Body language forplay while dating

Sony SRS-XB40 has a built-in multi-coloured line light, speaker lights and a flashing strobe.

It features 24 hours of battery life and claims to be a 'mini-disco on the move'.

It shows the apes have at least 25 signals or gestures for 'I want to play', for example - ranging from a back roll and somersault, to a yank of their hair or a bite of the air.

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When people are talking in romantic setting, sticking out the tongue can be a sign of lust. By oneself, pretty much the only thing the tongue can lick is the lips (although a more hidden way of this is licking the teeth).

Lip-licking may indicate desire, perhaps for another person and perhaps for food. Licking lips can also be an indicator of stress as the effects of tension reduce saliva flow and dry out the mouth.

Brushing with a hand means they want something to stop, while embracing and pulling at the same time means they want another ape to walk with them.

Other gestures include hitting the ground, swatting, grabbing, and dangling upside down.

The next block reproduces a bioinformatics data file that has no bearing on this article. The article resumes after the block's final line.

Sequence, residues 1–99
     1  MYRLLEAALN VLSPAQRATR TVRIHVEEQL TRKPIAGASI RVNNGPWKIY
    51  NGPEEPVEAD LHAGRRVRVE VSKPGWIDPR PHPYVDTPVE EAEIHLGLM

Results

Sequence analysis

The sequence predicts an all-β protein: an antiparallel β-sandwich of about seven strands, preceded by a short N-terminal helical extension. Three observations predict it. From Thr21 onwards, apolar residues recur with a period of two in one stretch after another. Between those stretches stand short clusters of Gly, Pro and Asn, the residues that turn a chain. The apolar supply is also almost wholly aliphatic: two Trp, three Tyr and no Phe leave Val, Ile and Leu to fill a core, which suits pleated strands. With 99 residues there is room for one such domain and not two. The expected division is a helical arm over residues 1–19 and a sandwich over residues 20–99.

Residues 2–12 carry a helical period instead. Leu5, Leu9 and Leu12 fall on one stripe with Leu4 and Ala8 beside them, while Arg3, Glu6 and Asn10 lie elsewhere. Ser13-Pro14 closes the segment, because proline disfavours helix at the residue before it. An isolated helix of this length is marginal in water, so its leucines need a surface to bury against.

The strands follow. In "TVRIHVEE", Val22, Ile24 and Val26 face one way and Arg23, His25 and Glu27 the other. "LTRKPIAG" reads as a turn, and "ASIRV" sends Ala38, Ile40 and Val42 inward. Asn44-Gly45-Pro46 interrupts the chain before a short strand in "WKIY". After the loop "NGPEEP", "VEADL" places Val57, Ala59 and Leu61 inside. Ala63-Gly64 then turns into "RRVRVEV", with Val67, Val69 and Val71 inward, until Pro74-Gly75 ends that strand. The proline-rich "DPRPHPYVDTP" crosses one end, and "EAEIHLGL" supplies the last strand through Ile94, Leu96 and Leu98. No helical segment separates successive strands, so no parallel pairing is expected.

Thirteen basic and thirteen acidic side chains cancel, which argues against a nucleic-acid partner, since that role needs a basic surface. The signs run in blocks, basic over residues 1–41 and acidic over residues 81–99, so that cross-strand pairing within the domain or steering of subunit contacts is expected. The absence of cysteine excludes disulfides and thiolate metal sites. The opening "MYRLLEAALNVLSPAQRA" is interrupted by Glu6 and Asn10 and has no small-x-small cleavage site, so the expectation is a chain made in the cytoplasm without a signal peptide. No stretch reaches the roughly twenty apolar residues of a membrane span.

Although studies of great ape body language have been carried out before, none has focused so closely on the intentional meanings of specific gestures.

The findings don't just reveal how apes communicate - they also shed light on the origins of human speech millions of years ago.

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If an orangutan blows a raspberry, smacks you on the side of your body or gives you a nip on the arm, don't worry. For the great apes communicate intelligently using an unspoken vocabulary of gestures, movements and smacks, scientists say.

They found 40 that were used frequently enough to work out their meaning.

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